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To demo or not? Fulton Heights divided over vacant home

SALISBURY — At its November meeting, the Salisbury City Council approved several demolitions, one being the house at 1408 S. Fulton St.

But the demolition’s approval got the attention of the Historic Salisbury Foundation, as the Fulton Street home is on the border of the Fulton Heights neighborhood. The foundation saw it as a crucial piece of the historic district. But nearby residents are divided over the paused demolition.

Steve Cobb, of the Historic Salisbury Foundation, said he thinks the house dates back to 1906, which makes it older than houses in Fulton Heights. By looking at deeds, Cobb discovered the land was bought in 1904 for $250 and increased in value at $850 by 1906, indicating a house had been built. Cobb said the house was first shown on a 1925 fire map. Parts of the home such as some door knobs have features from the late 1800s, he said.

Cobb asked the Historic Preservation Commission, of which he is a member, to delay the demolition. He recused himself from the vote and spoke on behalf of the foundation.

Since the property is in the historic district, the commission granted a 90-day stay.

The home has been vacant for about a decade and needs exterior work, including trimming trees, cleaning brush and removing a deck. On the interior, the house was cleaned out and assessed for damage. Cobb said the structure of the home is still intact.

“This will be another successful rehabilitation,” said Cobb, adding the Historic Salisbury Foundation has completed 120 homes.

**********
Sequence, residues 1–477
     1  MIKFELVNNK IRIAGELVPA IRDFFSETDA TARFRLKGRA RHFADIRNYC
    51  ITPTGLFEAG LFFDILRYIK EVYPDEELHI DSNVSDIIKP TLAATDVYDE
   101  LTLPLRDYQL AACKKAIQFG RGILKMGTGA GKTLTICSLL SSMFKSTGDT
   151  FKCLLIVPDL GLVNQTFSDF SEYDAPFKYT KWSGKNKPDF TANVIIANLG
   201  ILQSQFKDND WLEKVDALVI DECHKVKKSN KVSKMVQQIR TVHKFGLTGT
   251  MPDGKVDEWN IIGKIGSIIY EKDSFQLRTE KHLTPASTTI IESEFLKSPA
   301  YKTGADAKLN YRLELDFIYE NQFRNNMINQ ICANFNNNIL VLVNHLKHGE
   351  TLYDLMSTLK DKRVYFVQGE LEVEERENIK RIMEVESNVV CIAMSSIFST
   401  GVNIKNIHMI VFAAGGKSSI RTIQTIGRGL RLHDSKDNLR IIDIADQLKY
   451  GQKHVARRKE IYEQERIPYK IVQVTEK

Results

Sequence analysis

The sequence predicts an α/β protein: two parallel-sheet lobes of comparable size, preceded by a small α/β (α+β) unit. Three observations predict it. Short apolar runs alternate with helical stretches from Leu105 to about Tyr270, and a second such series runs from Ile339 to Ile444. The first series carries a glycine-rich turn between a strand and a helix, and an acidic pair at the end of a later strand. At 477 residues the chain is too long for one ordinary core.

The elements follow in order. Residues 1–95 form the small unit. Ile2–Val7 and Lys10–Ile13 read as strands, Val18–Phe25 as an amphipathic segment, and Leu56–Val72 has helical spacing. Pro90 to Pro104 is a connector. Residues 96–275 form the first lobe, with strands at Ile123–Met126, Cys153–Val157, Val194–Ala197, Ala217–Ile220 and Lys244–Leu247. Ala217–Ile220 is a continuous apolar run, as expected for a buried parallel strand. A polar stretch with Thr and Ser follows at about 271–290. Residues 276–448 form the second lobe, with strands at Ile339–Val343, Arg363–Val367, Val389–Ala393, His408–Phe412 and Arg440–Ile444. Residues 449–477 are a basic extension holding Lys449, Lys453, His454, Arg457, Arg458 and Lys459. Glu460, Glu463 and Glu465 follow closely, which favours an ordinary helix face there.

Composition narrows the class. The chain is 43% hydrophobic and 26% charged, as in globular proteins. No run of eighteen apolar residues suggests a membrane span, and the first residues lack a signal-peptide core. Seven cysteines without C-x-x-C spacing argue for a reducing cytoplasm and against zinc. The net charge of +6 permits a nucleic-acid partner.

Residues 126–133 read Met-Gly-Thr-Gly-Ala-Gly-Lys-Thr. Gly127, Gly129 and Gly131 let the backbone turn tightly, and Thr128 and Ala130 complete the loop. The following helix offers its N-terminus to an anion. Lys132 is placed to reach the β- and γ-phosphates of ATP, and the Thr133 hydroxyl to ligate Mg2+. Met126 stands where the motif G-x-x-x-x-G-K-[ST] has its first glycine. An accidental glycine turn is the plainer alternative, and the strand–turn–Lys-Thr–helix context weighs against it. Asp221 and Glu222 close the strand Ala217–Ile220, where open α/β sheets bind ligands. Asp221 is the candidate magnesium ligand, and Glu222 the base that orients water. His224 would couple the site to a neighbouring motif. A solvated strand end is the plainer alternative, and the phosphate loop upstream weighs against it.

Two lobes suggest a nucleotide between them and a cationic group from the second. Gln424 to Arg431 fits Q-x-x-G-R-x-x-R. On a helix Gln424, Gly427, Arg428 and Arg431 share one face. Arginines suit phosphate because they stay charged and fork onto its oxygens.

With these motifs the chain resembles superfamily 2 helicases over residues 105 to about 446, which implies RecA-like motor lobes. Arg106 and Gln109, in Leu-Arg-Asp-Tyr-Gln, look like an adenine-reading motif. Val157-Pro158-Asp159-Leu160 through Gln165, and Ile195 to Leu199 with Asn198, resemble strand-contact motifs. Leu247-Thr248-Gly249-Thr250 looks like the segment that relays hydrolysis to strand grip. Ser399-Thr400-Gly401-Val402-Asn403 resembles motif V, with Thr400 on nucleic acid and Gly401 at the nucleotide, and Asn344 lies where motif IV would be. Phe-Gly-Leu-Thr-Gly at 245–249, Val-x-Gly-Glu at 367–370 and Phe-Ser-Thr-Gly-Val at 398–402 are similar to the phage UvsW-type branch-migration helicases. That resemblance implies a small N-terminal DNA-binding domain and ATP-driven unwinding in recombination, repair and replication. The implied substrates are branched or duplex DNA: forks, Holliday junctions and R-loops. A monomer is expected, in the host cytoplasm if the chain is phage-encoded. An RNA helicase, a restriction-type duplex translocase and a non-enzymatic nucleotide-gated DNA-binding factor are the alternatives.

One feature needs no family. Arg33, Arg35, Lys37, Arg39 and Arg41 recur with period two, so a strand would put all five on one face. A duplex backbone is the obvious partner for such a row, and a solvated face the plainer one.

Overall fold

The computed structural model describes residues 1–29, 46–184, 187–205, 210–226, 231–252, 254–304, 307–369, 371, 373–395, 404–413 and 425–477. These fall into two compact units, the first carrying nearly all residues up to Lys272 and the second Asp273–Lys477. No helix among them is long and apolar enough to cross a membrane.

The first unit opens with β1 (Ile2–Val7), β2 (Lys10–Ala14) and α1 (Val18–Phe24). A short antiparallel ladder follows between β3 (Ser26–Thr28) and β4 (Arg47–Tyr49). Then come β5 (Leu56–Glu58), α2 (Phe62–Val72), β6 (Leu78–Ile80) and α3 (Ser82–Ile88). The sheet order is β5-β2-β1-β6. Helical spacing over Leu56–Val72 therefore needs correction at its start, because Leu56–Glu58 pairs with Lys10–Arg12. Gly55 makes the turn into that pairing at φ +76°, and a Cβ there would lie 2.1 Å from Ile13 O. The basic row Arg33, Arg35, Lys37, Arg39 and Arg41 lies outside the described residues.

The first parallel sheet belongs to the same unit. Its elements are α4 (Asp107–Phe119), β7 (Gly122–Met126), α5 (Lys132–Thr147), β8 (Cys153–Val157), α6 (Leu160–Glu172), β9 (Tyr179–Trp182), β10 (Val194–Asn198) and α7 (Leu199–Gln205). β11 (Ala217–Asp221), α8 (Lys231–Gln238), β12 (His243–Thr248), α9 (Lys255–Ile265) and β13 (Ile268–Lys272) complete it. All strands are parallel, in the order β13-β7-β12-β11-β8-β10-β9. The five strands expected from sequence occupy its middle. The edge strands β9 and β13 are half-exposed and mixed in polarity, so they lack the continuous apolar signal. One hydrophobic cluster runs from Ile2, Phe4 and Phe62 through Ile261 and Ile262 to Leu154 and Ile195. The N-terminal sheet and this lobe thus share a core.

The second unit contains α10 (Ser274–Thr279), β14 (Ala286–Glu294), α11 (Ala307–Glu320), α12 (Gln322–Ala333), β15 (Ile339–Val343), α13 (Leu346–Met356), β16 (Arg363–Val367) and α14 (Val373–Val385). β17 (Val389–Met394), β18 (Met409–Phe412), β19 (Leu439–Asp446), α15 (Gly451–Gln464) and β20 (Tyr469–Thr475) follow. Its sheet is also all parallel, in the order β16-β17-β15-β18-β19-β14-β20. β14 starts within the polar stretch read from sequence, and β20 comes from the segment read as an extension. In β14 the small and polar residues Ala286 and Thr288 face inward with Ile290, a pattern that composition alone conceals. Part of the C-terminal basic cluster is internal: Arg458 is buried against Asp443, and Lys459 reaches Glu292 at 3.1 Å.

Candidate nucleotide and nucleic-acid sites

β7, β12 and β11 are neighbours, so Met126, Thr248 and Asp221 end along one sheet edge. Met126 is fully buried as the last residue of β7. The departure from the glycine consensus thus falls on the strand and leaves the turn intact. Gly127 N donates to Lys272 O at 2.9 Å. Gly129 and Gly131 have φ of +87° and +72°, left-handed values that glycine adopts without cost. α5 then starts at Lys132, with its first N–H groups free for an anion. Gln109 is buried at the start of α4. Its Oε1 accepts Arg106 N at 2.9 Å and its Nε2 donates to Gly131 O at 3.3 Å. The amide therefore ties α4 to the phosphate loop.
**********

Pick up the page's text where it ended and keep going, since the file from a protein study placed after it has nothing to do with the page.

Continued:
But residents of the Fulton Heights neighborhood are divided about the future of the home, said Theresa Pitner, vice president of the Fulton Heights Neighborhood Association. Some want the home to be demolished since it’s been an eyesore for years and has reportedly attracted vagrants and drug users into the neighborhood. Others want to preserve the historic home.

Kristin Stauffer lives near the property and wants the house to be demolished.

“Historic Salisbury Foundation had known about the house for 10 years but didn’t care about it until the neighborhood got a victory,” Stauffer said.

Stauffer says she and others feel an empty lot is better than a drug house.

Other Fulton Heights residents, Pitner said, say “if it has four walls, it’s worth preserving.”

Stauffer said residents of the neighborhood who want to preserve the house haven’t been dealing with the effects of the vacant property, including cleaning up beer and whiskey bottles as well as needles and drugs.

Cobb said he understands the frustrations the neighbors have.

The Historic Salisbury Foundation has been trimming trees and bringing in contractors to assess the state of the house. As that’s occurred, Stauffer said volunteers have been disrespectful to her. She says the foundation played “dirty” by being naive about the house’s condition for years.

The Historic Salisbury Foundation has until March to make improvements to the house. The City Council would then decide whether to forgo demolition, give more time for the house to be preserved or go forward with demolition.

Cobb said he hopes the city will see the home as a success story.

If the city decides not to demolish it, the Historic Salisbury Foundation plans to take over ownership of the property. The foundation would stabilize the house by ensuring the roof is leak-proof, refurbish windows and clean up the exterior.

Cobb expects it will take two months to work through paying back taxes and resolving liens in order to gain ownership. For six months, the foundation will stabilize the house. Then it would be put it on the market, with the condition that the new owners make the home livable within a year.

Contact reporter Liz Moomey at 704-797-4222.

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